The Australian Festival of Chamber Music has announced its 2019 program, with Artistic Director Kathryn Stott’s second Festival with Chinese pipa virtuoso Wu Man, London-based Australian saxophonist Amy Dickson, Canadian-German cellist Johannes Moser and Estonian-born bassoonist Martin Kuuskmann among the international guests coming to Far North Queensland. The Festival takes place at venues across Townsville from July 26 to August 4.

Australian Festival of Chamber Music, AFCMAustralian Festival of Chamber Music. Photo supplied

“The 2019 Program is wrapped around the theme of ORIGINS, drawing on origins of the music, the composers and the artists,” Stott said. “An abundance of music features – from the 13th century to the present day – representing cultures from all around the world.”

“There is also a mini-focus on trios including giants like the Rachmaninov, Shostakovich and Tchaikovsky Piano Trios alongside smaller gems by Sibelius, Koechlin and more,” Stott said.

Wu Man. Photo © Call the Shots Photography

One of the most exciting artists to come to Townsville, and making her AFCM debut, is renowned pipa virtuoso Wu Man, who was a founding member of the Silkroad Ensemble with Yo-Yo Ma, and who has premiered new works by the likes of Philip Glass, Lou Harrison, Terry Riley, Bright Sheng and Tan Dun. She joins a line-up of artists, half of whom will be making their Festival debut.

Five artists will make their Australian debuts at this year’s AFCM – double bassist Roberto Carrillo-Garcia and oboist Rachael Clegg from the UK, violinist Alexandra Conunova from Moldova, and Dutch violinist Liza Ferschtman – while eight international artists will make their AFCM debut.

Lotte Betts-Dean. Photo © Ben Ealovega

A number of Australian artists will also be making their AFCM debut this year, including London-based mezzo-soprano Lotte Betts-Dean, pianist Aura Go, violinist Elizabeth Layton and flautist Sally Walker, as well as Sydney-based Finnish cellist Timo-Veikko Valve. Arcadia Winds, the Australian String Quartet and Ensemble Liaison will perform at the AFCM for the first time, joining Festival stalwarts, the Goldner String Quartet. Other returning Australians include saxophonist Amy Dickson, percussionist Timothy Constable, hornist Ben Jacks, violist Christopher Moore and harpsichordist Neal Peres Da Costa.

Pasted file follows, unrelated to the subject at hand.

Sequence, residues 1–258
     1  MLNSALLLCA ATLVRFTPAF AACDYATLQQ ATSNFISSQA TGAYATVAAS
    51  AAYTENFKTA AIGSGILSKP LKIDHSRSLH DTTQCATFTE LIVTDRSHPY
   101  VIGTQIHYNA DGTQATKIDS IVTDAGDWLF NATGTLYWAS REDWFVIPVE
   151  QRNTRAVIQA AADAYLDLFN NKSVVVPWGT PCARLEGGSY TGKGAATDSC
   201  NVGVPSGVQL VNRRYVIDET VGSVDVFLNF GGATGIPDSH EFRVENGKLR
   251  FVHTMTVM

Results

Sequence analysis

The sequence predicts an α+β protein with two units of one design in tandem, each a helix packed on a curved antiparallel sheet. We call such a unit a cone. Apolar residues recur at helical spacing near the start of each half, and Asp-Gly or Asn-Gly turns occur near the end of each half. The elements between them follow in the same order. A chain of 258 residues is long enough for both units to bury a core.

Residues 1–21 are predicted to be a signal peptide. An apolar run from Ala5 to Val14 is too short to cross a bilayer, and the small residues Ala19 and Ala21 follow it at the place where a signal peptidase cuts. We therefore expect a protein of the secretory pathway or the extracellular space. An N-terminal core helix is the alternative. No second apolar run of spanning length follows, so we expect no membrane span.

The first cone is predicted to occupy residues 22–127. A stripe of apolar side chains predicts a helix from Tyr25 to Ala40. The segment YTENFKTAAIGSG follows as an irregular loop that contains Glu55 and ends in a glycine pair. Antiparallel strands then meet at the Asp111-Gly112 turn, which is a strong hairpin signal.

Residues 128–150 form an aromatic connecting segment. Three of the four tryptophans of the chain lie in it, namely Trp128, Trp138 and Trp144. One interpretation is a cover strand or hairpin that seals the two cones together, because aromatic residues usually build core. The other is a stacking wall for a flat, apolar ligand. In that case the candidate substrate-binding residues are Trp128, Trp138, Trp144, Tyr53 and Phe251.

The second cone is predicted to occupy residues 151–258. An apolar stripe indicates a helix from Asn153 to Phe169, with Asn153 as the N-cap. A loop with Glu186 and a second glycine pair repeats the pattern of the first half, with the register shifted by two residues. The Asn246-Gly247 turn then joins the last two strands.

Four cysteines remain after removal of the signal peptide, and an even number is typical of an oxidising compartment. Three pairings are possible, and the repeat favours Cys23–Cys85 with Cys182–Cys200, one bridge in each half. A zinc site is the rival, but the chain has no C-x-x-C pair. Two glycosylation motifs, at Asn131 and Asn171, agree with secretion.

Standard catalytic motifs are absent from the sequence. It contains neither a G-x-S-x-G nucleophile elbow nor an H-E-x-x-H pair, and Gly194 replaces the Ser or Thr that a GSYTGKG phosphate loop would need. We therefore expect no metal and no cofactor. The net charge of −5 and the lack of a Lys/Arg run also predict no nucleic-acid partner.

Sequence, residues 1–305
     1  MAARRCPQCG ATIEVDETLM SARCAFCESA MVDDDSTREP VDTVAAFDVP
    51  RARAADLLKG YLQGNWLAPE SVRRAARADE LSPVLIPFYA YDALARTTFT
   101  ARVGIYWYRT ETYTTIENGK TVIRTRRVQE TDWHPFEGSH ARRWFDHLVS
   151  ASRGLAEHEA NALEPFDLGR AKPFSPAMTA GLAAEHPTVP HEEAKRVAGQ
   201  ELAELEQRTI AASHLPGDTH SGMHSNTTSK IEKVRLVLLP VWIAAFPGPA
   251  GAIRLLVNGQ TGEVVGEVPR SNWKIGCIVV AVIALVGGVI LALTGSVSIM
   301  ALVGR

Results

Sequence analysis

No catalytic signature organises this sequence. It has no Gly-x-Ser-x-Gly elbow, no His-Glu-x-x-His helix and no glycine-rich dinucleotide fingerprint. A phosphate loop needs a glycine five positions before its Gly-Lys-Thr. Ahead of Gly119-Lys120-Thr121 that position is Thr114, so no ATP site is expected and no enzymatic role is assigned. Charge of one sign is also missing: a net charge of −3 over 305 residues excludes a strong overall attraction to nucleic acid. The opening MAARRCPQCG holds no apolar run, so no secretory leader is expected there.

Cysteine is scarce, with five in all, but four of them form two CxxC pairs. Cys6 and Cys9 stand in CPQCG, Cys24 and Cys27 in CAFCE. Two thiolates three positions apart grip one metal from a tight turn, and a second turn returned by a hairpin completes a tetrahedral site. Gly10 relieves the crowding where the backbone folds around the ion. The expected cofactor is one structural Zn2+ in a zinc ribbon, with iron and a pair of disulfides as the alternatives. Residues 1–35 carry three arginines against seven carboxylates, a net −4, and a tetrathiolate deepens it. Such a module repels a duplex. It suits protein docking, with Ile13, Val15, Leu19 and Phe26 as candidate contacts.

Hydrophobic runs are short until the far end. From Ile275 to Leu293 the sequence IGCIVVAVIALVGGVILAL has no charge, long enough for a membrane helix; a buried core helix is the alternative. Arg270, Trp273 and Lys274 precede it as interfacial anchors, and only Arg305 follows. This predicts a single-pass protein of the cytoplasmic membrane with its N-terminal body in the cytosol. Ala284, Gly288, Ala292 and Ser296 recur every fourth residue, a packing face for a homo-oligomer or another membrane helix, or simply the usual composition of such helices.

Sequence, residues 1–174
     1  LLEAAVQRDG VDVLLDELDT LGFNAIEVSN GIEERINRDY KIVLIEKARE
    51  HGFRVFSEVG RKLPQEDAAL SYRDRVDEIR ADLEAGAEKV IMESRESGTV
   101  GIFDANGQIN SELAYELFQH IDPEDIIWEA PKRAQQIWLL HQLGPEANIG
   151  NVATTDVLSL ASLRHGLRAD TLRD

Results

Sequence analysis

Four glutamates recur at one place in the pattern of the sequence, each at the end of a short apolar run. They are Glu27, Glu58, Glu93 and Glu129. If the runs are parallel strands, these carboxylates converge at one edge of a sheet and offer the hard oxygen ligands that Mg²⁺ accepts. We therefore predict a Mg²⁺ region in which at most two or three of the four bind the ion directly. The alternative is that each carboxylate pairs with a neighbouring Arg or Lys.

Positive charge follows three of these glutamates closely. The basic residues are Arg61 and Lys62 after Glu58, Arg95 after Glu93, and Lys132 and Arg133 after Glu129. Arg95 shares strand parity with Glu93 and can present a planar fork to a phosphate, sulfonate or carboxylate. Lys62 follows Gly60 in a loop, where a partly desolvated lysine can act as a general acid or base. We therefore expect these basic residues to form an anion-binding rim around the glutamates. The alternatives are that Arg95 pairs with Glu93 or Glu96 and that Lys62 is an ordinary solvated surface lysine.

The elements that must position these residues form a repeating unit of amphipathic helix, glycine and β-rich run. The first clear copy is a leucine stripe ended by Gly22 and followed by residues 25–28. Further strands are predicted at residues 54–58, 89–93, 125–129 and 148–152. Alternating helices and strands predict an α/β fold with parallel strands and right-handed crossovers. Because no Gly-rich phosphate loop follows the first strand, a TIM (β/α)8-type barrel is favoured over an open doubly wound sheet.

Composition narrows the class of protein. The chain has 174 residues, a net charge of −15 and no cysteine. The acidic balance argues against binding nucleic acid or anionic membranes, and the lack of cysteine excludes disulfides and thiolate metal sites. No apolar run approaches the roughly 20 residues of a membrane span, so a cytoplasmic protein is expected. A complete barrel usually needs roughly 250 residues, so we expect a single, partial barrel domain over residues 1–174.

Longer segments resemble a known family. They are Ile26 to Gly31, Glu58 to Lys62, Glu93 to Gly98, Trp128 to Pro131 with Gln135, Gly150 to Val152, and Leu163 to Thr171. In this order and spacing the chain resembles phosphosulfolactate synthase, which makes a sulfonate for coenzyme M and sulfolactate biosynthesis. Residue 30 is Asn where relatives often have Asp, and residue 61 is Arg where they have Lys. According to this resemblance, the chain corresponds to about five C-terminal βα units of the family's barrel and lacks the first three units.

Also making his AFCM debut is the Festival’s 2019 Composer-in-Residence, Queensland-born composer and founder of Brisbane’s immersive art music collective ARGO, Connor D’Netto, who is currently based in London.

Connor D’Netto. Photo supplied

As for the music, the Festival will include five world premieres (including works by D’Netto and Australian composer Jessica Wells) and five Australian premieres – as well as plenty of well-loved works from the chamber music canon. “In a first for the festival, three unusual and large-scale chamber works will feature,” Stott said. “The Opening Night Concert, titled Creations, will include the Jean Françaix Dixtuor for wind and string quartets, while in the Closing concert, called Full Circle, we will feature the Joachim Raff Sinfonietta for double wind quintet – both will be incredible musical events.”

“On Friday August 2 as part of the Evening Series concert Homelands we will present the world premiere of Ye Xiaogang’s Gardenia, a movement for 11 mixed instruments including the pipa, clarinet, percussion, piano, French horn, oboe, violins and double bass – yet another exciting AFCM moment in musical history,” she said.

Alexandra Conunova. Photo supplied

Stott has also announced some new directions for the Festival, including a break from the popular Bach by Candlelight concerts. “We will give Bach by Candlelight a little breathing space in order to explore Baroque music from Italy and beyond with Baroque Around the Clock and Bellissimo Baroque, two highlights of the Sunset Series,” she said.

“The much-loved Families’ Concert will focus on storytelling for children and to add to this, I’ve commissioned a dramatic short story called The Final Hour so none of us are left out! The Final Hour will be performed in the glorious St James’ Cathedral, providing the perfect atmospheric backdrop to this musical work.”

There will be plenty of old favourites, including the ever-popular Concert Conversations and the mammoth Festival Farewell – not to mention a beautiful locale and North Queensland’s warm winter sun.

The Australian Festival of Chamber Music takes place in Townsville from July 26 to August 4